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BIS, BAS, and bias: the role of personality and cognition in social anxiety

UNCG Author/Contributor (non-UNCG co-authors, if there are any, appear on document)
Nathan Andrew Kimbrel (Creator)
Institution
The University of North Carolina at Greensboro (UNCG )
Web Site: http://library.uncg.edu/
Advisor
Rosemery O. Nelson-Gray

Abstract: The primary objective of the current study was to test the hypothesis that cognitive biases for negative and threatening social information mediate the effect of Behavioral Inhibition System (BIS) and Behavioral Approach System (BAS) sensitivity on social anxiety. To test this hypothesis, undergraduate participants (N = 207) were initially asked to complete measures of BIS, BAS, and trait social anxiety. Participants were then informed that they would be required to give a speech at the end of the study. This social-threat induction procedure was immediately followed by the administration of a counter-balanced battery of cognitive tasks. After the participants completed the cognitive battery, their level of state anxiety in response to the speech task was assessed via self-report. Participants were then asked to perform a brief impromptu speech. Latent variables were constructed for BIS, BAS, cognitive bias, and social anxiety. Structural equation modeling was used to test the hypothesis that cognitive biases mediate the effect of BIS and BAS sensitivity on social anxiety. As predicted, the fully-mediated model showed significantly better fit to the data than did several competing models. These results provide strong support for a mediated model of social anxiety and suggest that cognitive biases for negative and threatening social information may be the mechanism through which BIS and BAS sensitivity exert their influence upon social anxiety.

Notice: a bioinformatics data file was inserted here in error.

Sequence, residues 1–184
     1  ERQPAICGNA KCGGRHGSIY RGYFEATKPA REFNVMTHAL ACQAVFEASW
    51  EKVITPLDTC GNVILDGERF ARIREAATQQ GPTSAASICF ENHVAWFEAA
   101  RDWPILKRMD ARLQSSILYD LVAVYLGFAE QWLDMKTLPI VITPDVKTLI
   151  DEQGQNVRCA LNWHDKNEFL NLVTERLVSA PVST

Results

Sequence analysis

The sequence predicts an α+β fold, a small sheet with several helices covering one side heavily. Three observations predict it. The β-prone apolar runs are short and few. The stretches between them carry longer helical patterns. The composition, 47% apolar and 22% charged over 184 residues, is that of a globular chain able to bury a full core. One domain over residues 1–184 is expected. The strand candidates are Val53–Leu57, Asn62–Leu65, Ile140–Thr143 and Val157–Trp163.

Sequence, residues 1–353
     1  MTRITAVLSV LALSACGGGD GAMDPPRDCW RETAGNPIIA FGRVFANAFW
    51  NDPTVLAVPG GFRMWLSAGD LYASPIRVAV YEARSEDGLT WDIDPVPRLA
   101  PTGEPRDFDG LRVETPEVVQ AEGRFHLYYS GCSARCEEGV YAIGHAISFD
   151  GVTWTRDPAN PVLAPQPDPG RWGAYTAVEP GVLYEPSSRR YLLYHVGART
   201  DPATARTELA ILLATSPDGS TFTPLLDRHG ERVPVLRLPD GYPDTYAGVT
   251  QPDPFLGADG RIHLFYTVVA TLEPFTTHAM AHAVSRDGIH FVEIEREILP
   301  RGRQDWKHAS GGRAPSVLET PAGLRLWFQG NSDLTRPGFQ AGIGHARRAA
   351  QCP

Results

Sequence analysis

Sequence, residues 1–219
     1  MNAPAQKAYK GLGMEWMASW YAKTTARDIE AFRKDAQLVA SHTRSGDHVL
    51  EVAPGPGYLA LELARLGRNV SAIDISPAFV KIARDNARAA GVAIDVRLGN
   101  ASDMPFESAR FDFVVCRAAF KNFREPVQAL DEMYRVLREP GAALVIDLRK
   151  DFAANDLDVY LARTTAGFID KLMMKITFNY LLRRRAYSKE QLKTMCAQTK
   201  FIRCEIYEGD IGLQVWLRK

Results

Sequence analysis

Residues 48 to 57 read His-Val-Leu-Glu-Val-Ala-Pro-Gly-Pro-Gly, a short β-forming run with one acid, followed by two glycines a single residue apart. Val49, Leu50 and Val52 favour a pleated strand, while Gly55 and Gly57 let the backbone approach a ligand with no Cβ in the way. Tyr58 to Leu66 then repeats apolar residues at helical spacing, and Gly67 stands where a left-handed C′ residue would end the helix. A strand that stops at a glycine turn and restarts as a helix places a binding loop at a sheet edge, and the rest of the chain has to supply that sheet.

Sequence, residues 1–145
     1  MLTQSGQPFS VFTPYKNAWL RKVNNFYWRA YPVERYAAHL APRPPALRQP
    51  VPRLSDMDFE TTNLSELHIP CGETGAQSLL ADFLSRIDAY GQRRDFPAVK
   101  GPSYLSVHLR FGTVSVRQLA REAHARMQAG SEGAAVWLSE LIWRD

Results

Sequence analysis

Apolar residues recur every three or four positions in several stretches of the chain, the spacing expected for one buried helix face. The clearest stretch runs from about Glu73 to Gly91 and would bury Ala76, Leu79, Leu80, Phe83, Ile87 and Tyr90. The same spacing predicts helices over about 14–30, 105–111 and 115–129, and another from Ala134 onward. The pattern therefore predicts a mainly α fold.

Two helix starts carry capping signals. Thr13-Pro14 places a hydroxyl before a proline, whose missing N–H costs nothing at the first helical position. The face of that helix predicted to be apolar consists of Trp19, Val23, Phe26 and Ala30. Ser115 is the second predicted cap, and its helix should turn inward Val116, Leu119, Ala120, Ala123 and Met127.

Additional Information

Publication
Dissertation
Language: English
Date: 2009
Keywords
Anxiety, Behavioral Inhibition System, Cognitive Bias, Personality, Social Anxiety, Structural Equation Modeling
Subjects
Personality.
Social phobia.
Anxiety.
Cognition.